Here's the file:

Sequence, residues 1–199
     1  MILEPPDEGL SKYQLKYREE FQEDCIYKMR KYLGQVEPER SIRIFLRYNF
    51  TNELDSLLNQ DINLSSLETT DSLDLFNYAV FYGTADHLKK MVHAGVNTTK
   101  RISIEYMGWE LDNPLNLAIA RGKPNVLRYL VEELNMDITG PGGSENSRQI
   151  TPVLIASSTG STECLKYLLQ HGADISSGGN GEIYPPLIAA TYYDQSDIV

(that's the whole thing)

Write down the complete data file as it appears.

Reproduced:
Sequence, residues 1–199
     1  MILEPPDEGL SKYQLKYREE FQEDCIYKMR KYLGQVEPER SIRIFLRYNF
    51  TNELDSLLNQ DINLSSLETT DSLDLFNYAV FYGTADHLKK MVHAGVNTTK
   101  RISIEYMGWE LDNPLNLAIA RGKPNVLRYL VEELNMDITG PGGSENSRQI
   151  TPVLIASSTG STECLKYLLQ HGADISSGGN GEIYPPLIAA TYYDQSDIV